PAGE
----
The High Limit Switch
The limit switch is a safety feature. Normally, it stays closed and opens when the furnace is too hot. When this switch is open, the furnace won’t ignite.
Luckily, all you need to do to find out whether the high limit switch is open is check the error codes on your furnace. Goodman furnaces typically have a light that flashes four times to imply that the high limit switch is open. If the switch is open, reset it and see if the furnace ignites.
The Rollout Switch
Like its high-limit counterpart above, the rollout switch is also for your safety. It’s meant to shut down the furnace when the flames spread beyond the burner chamber and heat exchanger.
Check the error codes to determine whether the rollout switch is what’s preventing your furnace from igniting. If you notice six flashes, this switch is open, and likely the culprit. You can reset this switch if it is tripped. If resetting doesn’t close it, you might have to install a new rollout switch.
Here’s a handy Youtube video on how to repair and replace the rollout switch:
The Hot Surface Ignitor
You can clean a sooty hot surface ignitor, but a cracked or broken one needs replacement. The hot surface ignitor will not work if the control board fails to provide the current required for the coil to heat up. To find out if this is the case, check whether the voltage at the hot surface ignitor’s terminals is sufficient.
3. Goodman Furnace Won’t Stay On
A Goodman furnace may fail to stay on due to the following reasons:
- Dirty or broken flame sensor
- Low or no gas supply
- Fluctuating or no power
- Thermostat problems
How to Fix a Goodman Furnace That Won’t Stay On?
The First thing you need to do is ensure the Goodman furnace has sufficient gas and power. Once that’s confirmed, proceed to investigate other potential causes.
Check the thermostat mode and settings to know if they are shutting the furnace and adjust them accordingly. Next, see if you have cracked or damaged the burner chamber or heat exchanger because that can trigger the rollout switch and stop the furnace.
Do not operate a Goodman furnace with a compromised heat exchanger and burner or combustion chamber. The same goes if the appliance has a tripping limit or rollout switch. Always contact a certified HVAC technician in such cases because they can pose safety hazards.
Last but not least, check the flame sensor and clean it with acetone if it’s dirty and sooty. Also, inspect its wiring and fix any dislodged, loose, or broken wires. If the flame sensor is broken, replace it because its failure to detect combustion will shut down the furnace.
Here’s a Youtube video on how to clean the flame sensor and replace the ignitor:
Read: Furnace Noise Problems
4. Goodman Furnace Not Heating
A Goodman furnace may fail to provide adequate heating due to:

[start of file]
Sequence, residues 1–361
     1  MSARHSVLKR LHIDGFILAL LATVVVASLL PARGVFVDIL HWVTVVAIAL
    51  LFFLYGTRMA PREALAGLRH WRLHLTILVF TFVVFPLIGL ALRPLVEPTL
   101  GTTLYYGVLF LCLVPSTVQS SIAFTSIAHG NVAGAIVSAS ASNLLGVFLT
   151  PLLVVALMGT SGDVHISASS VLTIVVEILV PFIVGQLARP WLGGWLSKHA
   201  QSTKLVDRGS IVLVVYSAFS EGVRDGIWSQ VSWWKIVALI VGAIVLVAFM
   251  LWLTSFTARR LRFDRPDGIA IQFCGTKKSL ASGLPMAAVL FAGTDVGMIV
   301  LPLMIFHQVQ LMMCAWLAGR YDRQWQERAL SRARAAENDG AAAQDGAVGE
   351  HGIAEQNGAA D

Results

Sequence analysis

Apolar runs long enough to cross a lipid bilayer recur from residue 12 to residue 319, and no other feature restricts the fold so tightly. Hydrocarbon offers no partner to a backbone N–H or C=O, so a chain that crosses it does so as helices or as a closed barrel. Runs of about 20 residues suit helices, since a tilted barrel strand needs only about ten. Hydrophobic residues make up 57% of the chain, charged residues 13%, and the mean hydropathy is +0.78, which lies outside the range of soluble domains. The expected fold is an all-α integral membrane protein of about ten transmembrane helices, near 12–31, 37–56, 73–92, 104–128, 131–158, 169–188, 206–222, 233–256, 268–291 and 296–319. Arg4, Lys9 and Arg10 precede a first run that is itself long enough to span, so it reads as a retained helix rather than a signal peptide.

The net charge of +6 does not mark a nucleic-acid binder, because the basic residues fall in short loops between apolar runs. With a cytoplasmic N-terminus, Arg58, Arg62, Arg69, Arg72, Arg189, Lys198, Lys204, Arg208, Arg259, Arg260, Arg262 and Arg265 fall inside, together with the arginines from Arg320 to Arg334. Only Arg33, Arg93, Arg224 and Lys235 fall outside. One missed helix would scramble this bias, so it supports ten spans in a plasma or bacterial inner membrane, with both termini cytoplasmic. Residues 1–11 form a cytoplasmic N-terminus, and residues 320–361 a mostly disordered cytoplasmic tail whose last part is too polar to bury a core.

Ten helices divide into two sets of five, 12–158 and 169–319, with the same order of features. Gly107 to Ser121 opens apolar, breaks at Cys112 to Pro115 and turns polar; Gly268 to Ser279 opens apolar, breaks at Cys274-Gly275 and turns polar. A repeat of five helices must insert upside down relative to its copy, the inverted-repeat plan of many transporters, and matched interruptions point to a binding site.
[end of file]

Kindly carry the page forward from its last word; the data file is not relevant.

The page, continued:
- Low gas supply
- Poor airflow
- Blocked vents
- Clogged ducts
- Insufficient return
- Dirty air filters
- Failing motors
- Inefficient air handler
- Electrical problems
- Thermostat issues
How to Fix a Goodman Furnace That’s Not Heating?
Here are the troubleshooting steps for a Goodman furnace that’s not heating:
- Ensure adequate gas supply and airflow.
- Remove all obstructions from the supply and return vents.
- Check if the ducts are clean and dampers are open.
- Clean the air filters, including those on the return vents and at the furnace.
- Inspect the blower and draft inducer motor for overdue repairs or replacements.
- Check the fan for damage and clean the filter on the air handler.
- Review the thermostat mode, settings, and wiring to ensure they’re regulating the heating effectively.
- Inspect the voltages for the main furnace parts and replace the capacitor or board.
5. Goodman Furnace Short Cycles
An oversized furnace may short cycle if it heats your indoor spaces too quickly. Thermostat settings may also cause short cycling. High temperatures can compel a furnace to start soon after shutting because the indoor air doesn’t remain too hot for a long time when it’s freezing outside.
How to Fix a Goodman Furnace That Keeps Short Cycling?
Contact a certified technician to address short cycling. You can change the thermostat settings, but the short cycling problem may also be due to serious electrical and mechanical failures in the furnace. You may have a short in the control board or motor and other issues that require an expert to fix.
6. Goodman Furnace Makes Strange Noises
Mechanical noises, such as clicking, may be due to loose screws or broken parts inside your Goodman furnace. Electrical noises, such as humming or buzzing, are generally due to a loose component on the control board, wiring issues, and other failing parts of the circuit.
How to Fix Strange Noises in a Goodman Furnace?
Tighten the screws and lubricate the mechanical parts. Also, fix loose wiring on parts such as the transformer, capacitor, control board, and the rest of the furnace. Preventive maintenance of all the electromechanical components can make a Goodman furnace operate like a gentle breeze.
There you have it; six problems every Goodman furnace owner needs to be aware of and their potential fixes. Even if your unit doesn’t have any of these problems, it helps to have this kind of knowledge because you never know when breakdowns might strike. Hopefully, what we’ve covered today will help you act accordingly when your furnace starts misbehaving.